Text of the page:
‘It’s a people business’
Moses Lake real estate broker Ben Sellen believes in keeping his focus on the client, not on the business.
JOEL MARTIN/COLUMBIA BASIN HERALD
Ben Sellen grew up in Moses Lake and currently oversees listings like this one in the 1000 block of S. Grant Street as well as others around town.
Staff Writer | November 4, 2022 1:25 AM
MOSES LAKE — For Ben Sellen, it’s not primarily about the houses or the land.
“It's a people business,” he said. “It's not about selling somebody a house, it's helping your client with the problem that they have. They need to sell it? Okay, what are we looking at? What exactly do they need? They need to buy something? Let's figure out what they need to buy.”
Sellen, an agent with Seattle-based eXp Realty, grew up in Moses Lake and handles properties in the Moses Lake area. His family has deep roots in construction, he said, which contributed to his love of real estate.
“When I was young, my parents bought and sold homes. We actually lived in these unfinished homes, not very nice. We'd be in there, they'd fix it up to like 80% or so, and then we go to the next place. And then they’d finish the house and either rent it out or sell it. And we'd go to the next house, with bare sheetrock and whatever. And you know, I wasn't in love with the bare sheetrock, but the more I studied it later on, (the more) I got into it.”
Sellen put in some time working construction as a union laborer in Seattle, he said. After getting his degree in leadership and professional development from Washington State University, he found the day-to-day grind not to his liking. He put in a few years teaching English in China, he said, then returned to his hometown and the business he loved.
“When I was around 18 I started reading about real estate investing,” he said. “I read Robert Kiyosaki, and he was saying real estate is probably the best (investment). It's solid. You can do something with it. If you want to compare it to stocks, you know, stocks versus real estate, what are the differences? Well, you can buy a stock, but you can't paint the stock, you can't go there and tell the employees to work harder. You can't tell the the management or CEO, ‘You're doing a bad job; do this more efficiently.’ You can't really do that. I mean, you invest in a company, but you're really just throwing your money out there and wishing that it's going to do something. But with real estate, you have options. Based on what the property is, you have several different options: you can improve it; you can rent it; you can lease it. There’s tons of different options that you can physically do, (because) there is a piece of property there that you own.”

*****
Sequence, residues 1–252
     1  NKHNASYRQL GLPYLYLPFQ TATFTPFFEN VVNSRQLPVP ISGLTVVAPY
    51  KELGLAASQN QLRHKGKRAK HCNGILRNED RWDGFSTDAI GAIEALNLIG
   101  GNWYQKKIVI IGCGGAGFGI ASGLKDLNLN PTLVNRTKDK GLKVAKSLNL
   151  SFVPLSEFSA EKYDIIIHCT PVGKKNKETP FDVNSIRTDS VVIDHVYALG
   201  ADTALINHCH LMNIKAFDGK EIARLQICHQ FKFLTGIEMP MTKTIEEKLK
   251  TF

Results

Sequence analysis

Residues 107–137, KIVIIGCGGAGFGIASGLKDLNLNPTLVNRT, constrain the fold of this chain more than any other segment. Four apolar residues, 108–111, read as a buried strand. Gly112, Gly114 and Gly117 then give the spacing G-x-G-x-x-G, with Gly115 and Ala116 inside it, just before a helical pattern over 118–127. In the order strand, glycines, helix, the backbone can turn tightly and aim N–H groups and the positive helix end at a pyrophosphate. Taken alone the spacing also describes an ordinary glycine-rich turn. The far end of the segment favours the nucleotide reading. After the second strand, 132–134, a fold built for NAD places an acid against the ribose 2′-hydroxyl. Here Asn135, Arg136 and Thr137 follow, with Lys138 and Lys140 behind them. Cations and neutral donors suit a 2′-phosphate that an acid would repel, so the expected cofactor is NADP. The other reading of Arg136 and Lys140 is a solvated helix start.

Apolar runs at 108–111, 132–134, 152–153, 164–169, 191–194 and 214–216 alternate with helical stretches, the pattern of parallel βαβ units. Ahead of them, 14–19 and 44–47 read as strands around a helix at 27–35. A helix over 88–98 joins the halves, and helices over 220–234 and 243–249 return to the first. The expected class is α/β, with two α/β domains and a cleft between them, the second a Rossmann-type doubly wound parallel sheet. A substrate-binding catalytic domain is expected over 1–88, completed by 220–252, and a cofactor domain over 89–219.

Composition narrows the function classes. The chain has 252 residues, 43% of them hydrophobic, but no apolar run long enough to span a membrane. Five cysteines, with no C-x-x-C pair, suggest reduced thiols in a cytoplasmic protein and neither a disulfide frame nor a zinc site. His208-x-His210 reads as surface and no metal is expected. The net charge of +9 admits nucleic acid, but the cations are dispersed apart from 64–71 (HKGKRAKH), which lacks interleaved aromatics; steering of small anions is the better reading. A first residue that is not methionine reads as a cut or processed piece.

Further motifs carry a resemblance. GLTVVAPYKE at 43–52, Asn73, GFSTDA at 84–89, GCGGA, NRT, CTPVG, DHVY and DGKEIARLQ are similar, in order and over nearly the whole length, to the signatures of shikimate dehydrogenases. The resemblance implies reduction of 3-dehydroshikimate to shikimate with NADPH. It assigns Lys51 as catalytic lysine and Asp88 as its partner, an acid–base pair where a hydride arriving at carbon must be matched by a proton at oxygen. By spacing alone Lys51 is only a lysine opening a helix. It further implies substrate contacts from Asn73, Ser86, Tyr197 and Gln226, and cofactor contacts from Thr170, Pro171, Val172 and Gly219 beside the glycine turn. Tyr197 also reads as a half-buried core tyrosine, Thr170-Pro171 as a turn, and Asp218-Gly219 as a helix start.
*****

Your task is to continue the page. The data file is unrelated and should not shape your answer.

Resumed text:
The housing market is in some turmoil right now, but the Basin, particularly Moses Lake, is in a unique position to take advantage of its location, Sellen said.
“During this pandemic, something beautiful happened, and that was not only were the (interest) rates really low but employees were able to work from home. Where's home? Anywhere there's an internet connection. And guess what? Grant County has Wi-Fi and fiber internet and very cheap power. The cost of living is low here. There's beautiful nature and the beautiful sunsets and the geese and all this great outdoors. Places to go camping and fishing and boating and the sand dunes.”
“As a kid, I didn't think much of Moses Lake,” he continued, “but I really, really appreciate it as I as I'm maturing. I can understand it now. I remember not being very old, riding my bike everywhere or walking around everywhere unsupervised, and just the only rule is basically be home before it gets dark … I remember traffic jams were like three cars, and people will be upset about it now. But really, it's nothing. Nothing compared to Seattle or these big, big cities. The quality of life here is great. The cost of living is really not that much. People are generally polite.”
When it comes down to it, Sellen said, a real estate agent is essentially an entrepreneur.
“You have to do marketing. You have to pick up the phone, you have to overcome adversity. I don't have a boss telling me that I have to be there at eight in the morning. I don't have to go in to work at all. But I do if I want to get paid, right?”
For all the continuing education a real estate agent has to go through and all the rigmarole of being your own boss, there’s still a core that the agent needs to focus on, Sellen said.
“There's a lot of time wasters. The goal is to not be a time waster where you can provide value to your clients. That's the goal. Do your job – take care of them. Take care of your clients first and you'll be fine.”
Joel Martin can be reached via email at email@example.com.